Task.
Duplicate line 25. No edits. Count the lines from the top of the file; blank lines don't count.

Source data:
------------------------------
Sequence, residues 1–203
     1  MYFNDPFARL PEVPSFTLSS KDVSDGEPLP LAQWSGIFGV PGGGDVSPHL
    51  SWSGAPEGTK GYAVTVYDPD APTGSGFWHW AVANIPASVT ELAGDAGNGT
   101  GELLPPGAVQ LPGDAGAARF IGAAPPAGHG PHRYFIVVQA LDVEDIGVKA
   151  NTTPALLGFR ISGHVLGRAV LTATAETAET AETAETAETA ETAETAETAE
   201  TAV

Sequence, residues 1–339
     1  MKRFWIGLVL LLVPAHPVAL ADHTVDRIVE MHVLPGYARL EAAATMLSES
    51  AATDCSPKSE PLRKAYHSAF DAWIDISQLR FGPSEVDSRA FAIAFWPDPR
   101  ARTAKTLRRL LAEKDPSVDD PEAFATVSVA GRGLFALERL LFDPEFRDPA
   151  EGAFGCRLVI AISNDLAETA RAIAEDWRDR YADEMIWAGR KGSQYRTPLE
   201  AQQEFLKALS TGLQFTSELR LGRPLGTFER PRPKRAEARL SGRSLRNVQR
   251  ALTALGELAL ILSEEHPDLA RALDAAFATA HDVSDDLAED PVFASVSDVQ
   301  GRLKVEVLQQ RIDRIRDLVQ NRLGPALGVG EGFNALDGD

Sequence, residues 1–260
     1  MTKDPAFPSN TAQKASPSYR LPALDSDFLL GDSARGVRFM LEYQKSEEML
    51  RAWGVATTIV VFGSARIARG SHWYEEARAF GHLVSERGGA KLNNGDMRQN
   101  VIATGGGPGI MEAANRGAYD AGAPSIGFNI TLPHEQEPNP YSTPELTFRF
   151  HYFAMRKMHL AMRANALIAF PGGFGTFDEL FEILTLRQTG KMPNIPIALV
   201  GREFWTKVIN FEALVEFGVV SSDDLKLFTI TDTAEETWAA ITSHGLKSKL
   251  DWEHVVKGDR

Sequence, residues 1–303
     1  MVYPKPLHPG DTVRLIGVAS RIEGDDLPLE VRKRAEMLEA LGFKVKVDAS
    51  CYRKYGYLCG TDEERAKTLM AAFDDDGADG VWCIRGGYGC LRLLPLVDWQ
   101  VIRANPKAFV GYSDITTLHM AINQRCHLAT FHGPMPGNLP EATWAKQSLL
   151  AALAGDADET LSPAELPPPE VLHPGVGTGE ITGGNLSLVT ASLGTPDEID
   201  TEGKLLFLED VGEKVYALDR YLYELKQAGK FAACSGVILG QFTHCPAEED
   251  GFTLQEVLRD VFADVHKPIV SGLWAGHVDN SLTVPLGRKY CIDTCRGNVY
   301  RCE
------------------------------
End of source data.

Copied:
   101  VIRANPKAFV GYSDITTLHM AINQRCHLAT FHGPMPGNLP EATWAKQSLL